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SBC resolutions address culture, ministry concerns

[SLIDESHOW=42820,42807]ST. LOUIS (BP) — Messengers to the 2016 Southern Baptist Convention, in addition to repudiating the display of the Confederate battle flag, approved 11 other resolutions on a variety of culture and ministry concerns.

Messengers voted on the proposals over both days of the annual meeting, adopting resolutions that expressed compassion for those devastated by the Orlando mass shooting, urged consistent evangelism of unbelievers and encouraged care for refugees. They also passed measures that included calling for the federal government not to discriminate against people who support only the biblical, traditional view of marriage and opposing an effort to require women to register for the military draft.

For Stephen Rummage, chairman of the Resolutions Committee, the call for Southern Baptists to evangelize was central to the 10-member panel’s deliberations in presenting the 12 measures to the messengers.

The resolution on evangelism “might just seem like a standard resolution for an evangelical body such as Southern Baptists to pass,” Rummage said at a news conference Wednesday morning (June 15), “but really that is at the heart of everything that we talked about, including what we had to say about the Confederate flag. Everything that we do should have as its end and as its goal reaching people with the Gospel of Jesus Christ.”

Echoing a comment made in support of the measure on the Confederate flag, Rummage said resolutions “build bridges and they tear down walls, but we’ve got to cross those bridges with the Gospel and take Jesus to people because that’s what it’s all about and that’s the only hope for our world, for our nation and indeed for Southern Baptists.”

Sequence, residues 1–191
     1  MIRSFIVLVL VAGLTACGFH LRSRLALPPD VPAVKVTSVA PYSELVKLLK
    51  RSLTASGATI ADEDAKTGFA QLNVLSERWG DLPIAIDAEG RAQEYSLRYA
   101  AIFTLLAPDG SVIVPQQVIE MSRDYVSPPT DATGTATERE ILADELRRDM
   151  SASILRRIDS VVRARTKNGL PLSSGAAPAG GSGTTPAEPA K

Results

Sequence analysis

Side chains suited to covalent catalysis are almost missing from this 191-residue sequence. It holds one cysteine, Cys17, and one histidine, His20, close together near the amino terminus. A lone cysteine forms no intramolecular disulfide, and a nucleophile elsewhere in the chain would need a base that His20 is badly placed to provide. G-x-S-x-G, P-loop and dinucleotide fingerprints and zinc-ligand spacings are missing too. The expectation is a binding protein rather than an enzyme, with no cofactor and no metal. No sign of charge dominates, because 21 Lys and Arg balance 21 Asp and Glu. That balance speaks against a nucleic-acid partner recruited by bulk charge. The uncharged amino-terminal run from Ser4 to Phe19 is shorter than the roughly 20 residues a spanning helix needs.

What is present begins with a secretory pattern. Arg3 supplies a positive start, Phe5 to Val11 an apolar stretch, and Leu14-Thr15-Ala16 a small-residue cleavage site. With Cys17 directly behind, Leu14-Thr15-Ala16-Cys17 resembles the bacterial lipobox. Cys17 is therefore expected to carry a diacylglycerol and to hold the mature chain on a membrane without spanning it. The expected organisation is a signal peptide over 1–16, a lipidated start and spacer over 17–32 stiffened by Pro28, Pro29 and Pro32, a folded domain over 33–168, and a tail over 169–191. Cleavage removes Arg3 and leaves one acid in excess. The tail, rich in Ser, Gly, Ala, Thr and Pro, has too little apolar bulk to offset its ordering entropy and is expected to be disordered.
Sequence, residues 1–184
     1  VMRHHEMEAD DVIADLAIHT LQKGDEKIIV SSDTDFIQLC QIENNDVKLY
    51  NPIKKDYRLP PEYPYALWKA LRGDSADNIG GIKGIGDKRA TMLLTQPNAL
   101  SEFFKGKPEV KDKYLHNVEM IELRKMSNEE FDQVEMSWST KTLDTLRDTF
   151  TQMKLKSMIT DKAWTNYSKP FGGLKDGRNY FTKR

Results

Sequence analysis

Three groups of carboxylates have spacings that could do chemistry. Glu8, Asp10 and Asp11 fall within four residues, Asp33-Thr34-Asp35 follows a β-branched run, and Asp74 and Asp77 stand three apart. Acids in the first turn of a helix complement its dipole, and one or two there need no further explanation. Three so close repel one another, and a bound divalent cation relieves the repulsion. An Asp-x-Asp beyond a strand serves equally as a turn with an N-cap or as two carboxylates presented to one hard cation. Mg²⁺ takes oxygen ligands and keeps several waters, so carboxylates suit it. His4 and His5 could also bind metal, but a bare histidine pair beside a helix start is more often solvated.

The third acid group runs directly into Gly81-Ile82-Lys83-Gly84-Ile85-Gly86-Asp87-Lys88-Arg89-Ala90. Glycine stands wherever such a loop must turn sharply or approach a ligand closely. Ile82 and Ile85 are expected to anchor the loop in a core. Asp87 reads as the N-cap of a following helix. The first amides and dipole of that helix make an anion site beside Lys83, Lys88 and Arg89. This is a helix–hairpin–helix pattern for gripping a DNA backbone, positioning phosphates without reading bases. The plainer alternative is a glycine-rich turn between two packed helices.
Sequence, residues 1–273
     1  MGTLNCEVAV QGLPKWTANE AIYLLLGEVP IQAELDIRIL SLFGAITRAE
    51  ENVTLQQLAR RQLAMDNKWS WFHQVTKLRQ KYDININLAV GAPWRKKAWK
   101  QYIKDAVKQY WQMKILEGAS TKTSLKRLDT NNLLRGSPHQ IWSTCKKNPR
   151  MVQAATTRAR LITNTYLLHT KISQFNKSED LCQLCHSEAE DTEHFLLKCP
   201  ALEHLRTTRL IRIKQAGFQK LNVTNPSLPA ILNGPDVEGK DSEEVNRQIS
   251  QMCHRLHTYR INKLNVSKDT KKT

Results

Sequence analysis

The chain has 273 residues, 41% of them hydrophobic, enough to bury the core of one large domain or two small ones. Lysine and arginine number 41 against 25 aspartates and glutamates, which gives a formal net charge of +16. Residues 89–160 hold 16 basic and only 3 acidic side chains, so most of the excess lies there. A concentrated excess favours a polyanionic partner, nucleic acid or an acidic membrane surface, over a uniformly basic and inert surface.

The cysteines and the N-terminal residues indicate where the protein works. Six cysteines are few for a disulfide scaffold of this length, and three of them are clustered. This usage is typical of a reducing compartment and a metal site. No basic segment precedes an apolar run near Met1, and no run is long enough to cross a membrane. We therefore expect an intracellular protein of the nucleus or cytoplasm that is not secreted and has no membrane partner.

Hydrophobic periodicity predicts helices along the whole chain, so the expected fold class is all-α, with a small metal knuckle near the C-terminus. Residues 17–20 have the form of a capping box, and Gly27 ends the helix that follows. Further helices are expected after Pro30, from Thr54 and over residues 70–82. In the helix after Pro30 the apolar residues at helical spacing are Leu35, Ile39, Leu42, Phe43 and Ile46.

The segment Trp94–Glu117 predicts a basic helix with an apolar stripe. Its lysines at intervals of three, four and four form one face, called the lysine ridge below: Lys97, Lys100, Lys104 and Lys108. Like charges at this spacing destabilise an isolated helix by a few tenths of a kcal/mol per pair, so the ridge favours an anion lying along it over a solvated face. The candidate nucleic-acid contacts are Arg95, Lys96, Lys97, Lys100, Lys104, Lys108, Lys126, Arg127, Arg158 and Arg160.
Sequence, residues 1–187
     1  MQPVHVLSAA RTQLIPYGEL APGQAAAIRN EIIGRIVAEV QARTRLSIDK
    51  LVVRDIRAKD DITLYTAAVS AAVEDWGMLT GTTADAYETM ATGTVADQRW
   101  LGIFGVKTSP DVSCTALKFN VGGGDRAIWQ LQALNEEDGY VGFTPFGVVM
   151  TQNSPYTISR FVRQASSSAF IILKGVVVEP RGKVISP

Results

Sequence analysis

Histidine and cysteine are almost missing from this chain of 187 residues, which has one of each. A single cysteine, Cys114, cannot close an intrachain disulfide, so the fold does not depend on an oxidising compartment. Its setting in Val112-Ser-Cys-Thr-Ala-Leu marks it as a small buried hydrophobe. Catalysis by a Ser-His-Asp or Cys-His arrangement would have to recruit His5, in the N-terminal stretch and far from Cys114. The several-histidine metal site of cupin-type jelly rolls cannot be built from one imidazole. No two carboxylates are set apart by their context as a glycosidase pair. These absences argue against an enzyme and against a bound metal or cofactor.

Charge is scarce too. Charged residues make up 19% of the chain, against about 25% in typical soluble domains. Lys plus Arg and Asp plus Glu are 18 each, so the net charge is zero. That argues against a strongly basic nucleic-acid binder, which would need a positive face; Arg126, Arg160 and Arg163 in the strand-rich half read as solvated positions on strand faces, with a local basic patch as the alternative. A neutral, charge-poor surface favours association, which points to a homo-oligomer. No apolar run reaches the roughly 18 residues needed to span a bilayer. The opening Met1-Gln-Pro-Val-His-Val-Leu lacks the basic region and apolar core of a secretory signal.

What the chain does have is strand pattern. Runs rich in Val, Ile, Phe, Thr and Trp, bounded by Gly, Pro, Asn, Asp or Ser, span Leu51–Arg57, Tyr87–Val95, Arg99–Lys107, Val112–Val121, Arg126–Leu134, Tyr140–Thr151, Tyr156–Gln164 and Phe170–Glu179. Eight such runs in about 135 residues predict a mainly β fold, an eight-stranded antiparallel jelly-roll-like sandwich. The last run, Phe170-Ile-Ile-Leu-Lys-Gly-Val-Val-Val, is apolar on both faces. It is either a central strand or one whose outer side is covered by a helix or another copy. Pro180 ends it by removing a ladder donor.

Rummage, senior pastor of Bell Shoals Baptist Church in Brandon, Fla., and SBC ethics leader Russell Moore both thought it helpful that messengers strengthened the original Confederate flag resolution proposed by the committee.

The committee-presented resolution called for Christians who display the Confederate flag “to consider prayerfully whether to limit, or even more so, discontinue its display” because of the “undeniably painful impact of the flag’s symbolism on others.” Acting on an amendment offered by former SBC President James Merritt, messengers overwhelmingly approved language that urged “brothers and sisters in Christ to discontinue the display of the Confederate battle flag as a sign of solidarity of the whole body of Christ, including our African American brothers and sisters.”

The committee crafted the resolution with tempered language “to achieve as broad a consensus as possible,” Rummage told reporters. When the committee saw the messengers desired to make an even stronger statement, “I think the whole committee was very thankful to be able to vote ‘yes’ to the amendment,” he said. “I was elated to see us make the type of statement that we did.”

Moore, president of the Ethics & Religious Liberty Commission, told reporters, “I think it lends to an even stronger witness that the process happened the way that it did.”

Those outside the denomination saw “a Southern Baptist Convention that came in and affirmed its Resolutions Committee [and] said, ‘Thank you for bringing this resolution of unity to us, and we want to make sure that we’re as clear as we can be about standing in solidarity with one another,'” Moore said.

In addition to the Confederate flag measure, the other 11 resolutions: